Joel Brind

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Joel L. Brind
Fields Endocrinology
Institutions Baruch College
Alma mater
Thesis Studies on the androgen-dependent differentiation of cells of the mouse preputial gland : metabolism of testosterone and effects of selected drugs and hormones (1981)
Known for Abortion-breast cancer hypothesis
Brind's faculty page

Dr. Joel Brind is a professor of human biology and endocrinology at Baruch College, City University of New York since 1986, a research biochemist since 1981, and CEO of Natural Food Science, a maker of glycine supplement products founded in 2010. (Glycine supplements are of questionable value because the body makes its own glycine and also acquires glycine from any protein-rich diet.[1]) Brind is a leading advocate of the abortion-breast cancer hypothesis, which states that abortion increases the risk of breast cancer.[2] This idea is rejected by mainstream medical professional organizations.[3][4][5][6][7] Brind is openly contemptuous of mainstream medical professional organizations and journals, accusing them of conducting a deliberate cover-up[8] with the goal of "protecting the abortion industry",[9] and asserting in print that the National Cancer Institute " just another corrupt federal agency like the IRS and the NSA."[10]

Early life, education, and religious conversion[edit]

Brind grew up in Laurelton, Queens, where he decided he wanted to become a biochemist at the age of 10 after reading an issue of Life Magazine where the cover story described the discoveries scientists had recently made about the inner workings of the cell, using electron microscopy.[2] He has a bachelor's degree from Yale (1971)[11] and a Ph.D. from New York University in biochemistry, immunology and physiology.[12] Four years after receiving his PhD in 1981, Brind had a spiritual awakening, after which he converted to Christianity[13] and decided to try to use science to pursue what he saw as a "noble" goal of discouraging women from having abortions.[2]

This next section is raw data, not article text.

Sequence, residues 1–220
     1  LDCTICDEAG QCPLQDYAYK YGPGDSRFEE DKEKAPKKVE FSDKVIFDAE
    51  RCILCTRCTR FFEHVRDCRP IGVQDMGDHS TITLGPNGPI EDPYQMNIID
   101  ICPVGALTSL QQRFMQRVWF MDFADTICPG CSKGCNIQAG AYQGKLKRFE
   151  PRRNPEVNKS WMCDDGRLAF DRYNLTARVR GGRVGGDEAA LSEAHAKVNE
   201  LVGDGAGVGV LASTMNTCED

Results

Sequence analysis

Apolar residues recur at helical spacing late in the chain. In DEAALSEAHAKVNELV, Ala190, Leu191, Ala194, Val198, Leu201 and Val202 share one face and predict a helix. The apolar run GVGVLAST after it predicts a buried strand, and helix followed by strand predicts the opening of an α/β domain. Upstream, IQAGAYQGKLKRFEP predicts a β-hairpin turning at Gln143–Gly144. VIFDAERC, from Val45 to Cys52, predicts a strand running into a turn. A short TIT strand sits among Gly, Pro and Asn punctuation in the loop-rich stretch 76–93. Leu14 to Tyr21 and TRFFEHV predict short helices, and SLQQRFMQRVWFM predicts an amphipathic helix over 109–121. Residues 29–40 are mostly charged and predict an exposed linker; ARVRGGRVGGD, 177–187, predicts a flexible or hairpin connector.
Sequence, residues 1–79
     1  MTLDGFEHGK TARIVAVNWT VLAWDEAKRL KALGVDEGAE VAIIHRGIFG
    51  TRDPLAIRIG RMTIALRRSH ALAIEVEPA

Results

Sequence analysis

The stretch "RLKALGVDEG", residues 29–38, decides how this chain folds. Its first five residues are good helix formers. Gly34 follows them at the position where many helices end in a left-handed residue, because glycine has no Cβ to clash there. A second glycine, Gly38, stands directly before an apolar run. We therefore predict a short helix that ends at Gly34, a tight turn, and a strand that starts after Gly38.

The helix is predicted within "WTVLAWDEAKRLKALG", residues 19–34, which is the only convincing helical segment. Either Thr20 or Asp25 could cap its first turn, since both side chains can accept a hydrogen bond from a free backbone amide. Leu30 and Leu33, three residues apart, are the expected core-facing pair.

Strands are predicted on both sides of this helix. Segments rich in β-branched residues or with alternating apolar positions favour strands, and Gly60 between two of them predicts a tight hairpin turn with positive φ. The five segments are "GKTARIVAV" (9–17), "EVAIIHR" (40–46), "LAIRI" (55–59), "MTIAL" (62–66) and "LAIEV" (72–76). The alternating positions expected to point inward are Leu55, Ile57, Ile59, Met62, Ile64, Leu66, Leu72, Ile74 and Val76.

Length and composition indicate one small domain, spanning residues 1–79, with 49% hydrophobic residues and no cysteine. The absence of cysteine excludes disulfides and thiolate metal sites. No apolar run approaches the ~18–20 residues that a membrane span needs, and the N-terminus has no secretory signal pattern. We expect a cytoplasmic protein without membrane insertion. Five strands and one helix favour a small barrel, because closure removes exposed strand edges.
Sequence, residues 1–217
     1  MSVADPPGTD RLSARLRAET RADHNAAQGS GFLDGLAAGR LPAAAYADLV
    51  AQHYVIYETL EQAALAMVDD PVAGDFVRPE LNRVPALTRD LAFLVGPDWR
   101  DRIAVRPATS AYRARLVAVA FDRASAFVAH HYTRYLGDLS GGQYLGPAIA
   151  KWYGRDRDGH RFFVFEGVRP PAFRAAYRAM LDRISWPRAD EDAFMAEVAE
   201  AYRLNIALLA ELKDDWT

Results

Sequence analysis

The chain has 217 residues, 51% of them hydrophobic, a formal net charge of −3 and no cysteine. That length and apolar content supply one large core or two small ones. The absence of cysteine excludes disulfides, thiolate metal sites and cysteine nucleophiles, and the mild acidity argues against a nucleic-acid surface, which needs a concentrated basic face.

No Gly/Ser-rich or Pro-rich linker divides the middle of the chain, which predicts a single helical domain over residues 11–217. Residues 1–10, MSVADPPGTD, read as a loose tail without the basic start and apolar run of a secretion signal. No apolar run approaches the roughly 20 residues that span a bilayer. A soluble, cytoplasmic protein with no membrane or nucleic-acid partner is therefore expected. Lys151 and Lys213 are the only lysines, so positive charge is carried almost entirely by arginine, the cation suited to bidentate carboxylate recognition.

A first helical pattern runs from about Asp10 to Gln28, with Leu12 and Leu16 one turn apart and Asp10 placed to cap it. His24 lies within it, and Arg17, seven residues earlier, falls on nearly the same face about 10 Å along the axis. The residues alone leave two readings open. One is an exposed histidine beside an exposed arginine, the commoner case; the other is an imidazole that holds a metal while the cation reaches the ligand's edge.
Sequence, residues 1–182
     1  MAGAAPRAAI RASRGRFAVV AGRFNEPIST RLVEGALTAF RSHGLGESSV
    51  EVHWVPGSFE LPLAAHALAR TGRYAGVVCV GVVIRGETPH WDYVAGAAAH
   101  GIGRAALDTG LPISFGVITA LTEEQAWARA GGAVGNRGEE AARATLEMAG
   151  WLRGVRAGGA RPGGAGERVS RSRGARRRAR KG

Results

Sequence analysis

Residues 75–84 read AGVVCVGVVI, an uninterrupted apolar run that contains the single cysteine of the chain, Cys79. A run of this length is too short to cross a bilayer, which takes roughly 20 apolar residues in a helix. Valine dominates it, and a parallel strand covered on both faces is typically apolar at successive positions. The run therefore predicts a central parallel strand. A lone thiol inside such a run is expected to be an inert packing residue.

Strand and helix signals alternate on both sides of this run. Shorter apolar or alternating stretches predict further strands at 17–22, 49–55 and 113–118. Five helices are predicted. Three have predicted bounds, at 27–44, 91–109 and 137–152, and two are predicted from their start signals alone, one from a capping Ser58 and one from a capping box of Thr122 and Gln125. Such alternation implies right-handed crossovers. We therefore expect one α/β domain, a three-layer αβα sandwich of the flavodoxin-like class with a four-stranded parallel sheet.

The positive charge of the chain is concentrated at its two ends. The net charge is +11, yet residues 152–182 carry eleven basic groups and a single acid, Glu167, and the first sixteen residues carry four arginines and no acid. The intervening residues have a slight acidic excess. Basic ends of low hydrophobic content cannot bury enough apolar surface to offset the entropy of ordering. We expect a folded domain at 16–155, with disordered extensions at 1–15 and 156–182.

Working on studies concerning amino acid metabolism and aging, Brind concluded that most diets are deficient in the amino acid glycine, and that this deficiency is responsible for illnesses caused by chronic inflammation, including arthritis, diabetes, cardiovascular disease and cancer. These conclusions are not supported by mainstream medicine.[1] He also attributes what are thought to be normal responses such as pain and stiffness following strenuous exercise and injury, to glycine deficiency. In 2010, Brind founded Natural Food Science, LLC, through which glycine supplement products Proglyta and Sweetamine are manufactured and sold.[14]

Following his conversion to Christianity,[13] Brind began working as a consultant and expert witness for pro-life groups like Christ's Bride Ministries. He fought against the legalization of RU-486 testifying at a federal hearing that "thousands upon thousands" of women would develop breast cancer as a result of using the drug.[15] Brind was an invitee to the National Cancer Institute's conference on the abortion-breast-cancer issue[16] where he was the only member to file a dissenting opinion.[17] In a meeting between Colorado Right To Life and the Denver affiliate of Susan G. Komen for the Cure regarding Komen grants to Planned Parenthood, Brind urged the breast cancer group to re-consider the idea that abortion is linked to breast cancer.[18]

In 1999, in collaboration with several physician colleagues, Brind founded the Breast Cancer Prevention Institute. The Breast Cancer Prevention Institute is a non-profit corporation, which, through research publications, lectures, and the internet, promotes a link between abortion and breast cancer.


Dr. Brind et al. (1996) conducted a meta-analysis of 23 independent epidemiologic studies.[19] It calculated that there was on average a relative risk of 1.3 (1.2 - 1.4) increased risk of breast cancer. The meta-analysis was criticized in the Journal of the National Cancer Institute for ignoring the role of response bias and for a "blurring of association with causation."[20] for selection bias by using studies with widely varying results, using different types of studies and not working with the raw data from several studies, and including studies that have methodological weaknesses.[21][22] The statistician who collaborated with Brind later stated of their findings: "I have some doubts. I don't think the issue has been resolved. When we were talking about the conclusions, he [Brind] wanted to make the strongest statements. I tried to temper them a little bit, but Dr. Brind is very adamant about his opinion."[23]